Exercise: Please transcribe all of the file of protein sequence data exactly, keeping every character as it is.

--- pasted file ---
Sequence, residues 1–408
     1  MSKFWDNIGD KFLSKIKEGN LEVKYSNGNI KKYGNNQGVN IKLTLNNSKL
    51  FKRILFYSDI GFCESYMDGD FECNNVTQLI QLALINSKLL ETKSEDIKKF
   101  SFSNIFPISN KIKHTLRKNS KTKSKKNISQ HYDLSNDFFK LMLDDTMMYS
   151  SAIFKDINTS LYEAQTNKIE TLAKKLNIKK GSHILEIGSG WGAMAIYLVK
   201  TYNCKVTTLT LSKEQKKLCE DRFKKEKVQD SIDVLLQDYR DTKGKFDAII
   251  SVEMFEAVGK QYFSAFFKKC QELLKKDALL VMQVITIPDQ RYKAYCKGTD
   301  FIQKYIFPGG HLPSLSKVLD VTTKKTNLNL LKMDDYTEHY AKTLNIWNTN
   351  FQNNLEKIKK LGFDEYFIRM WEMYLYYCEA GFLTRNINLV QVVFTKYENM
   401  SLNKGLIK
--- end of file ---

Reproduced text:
Sequence, residues 1–408
     1  MSKFWDNIGD KFLSKIKEGN LEVKYSNGNI KKYGNNQGVN IKLTLNNSKL
    51  FKRILFYSDI GFCESYMDGD FECNNVTQLI QLALINSKLL ETKSEDIKKF
   101  SFSNIFPISN KIKHTLRKNS KTKSKKNISQ HYDLSNDFFK LMLDDTMMYS
   151  SAIFKDINTS LYEAQTNKIE TLAKKLNIKK GSHILEIGSG WGAMAIYLVK
   201  TYNCKVTTLT LSKEQKKLCE DRFKKEKVQD SIDVLLQDYR DTKGKFDAII
   251  SVEMFEAVGK QYFSAFFKKC QELLKKDALL VMQVITIPDQ RYKAYCKGTD
   301  FIQKYIFPGG HLPSLSKVLD VTTKKTNLNL LKMDDYTEHY AKTLNIWNTN
   351  FQNNLEKIKK LGFDEYFIRM WEMYLYYCEA GFLTRNINLV QVVFTKYENM
   401  SLNKGLIK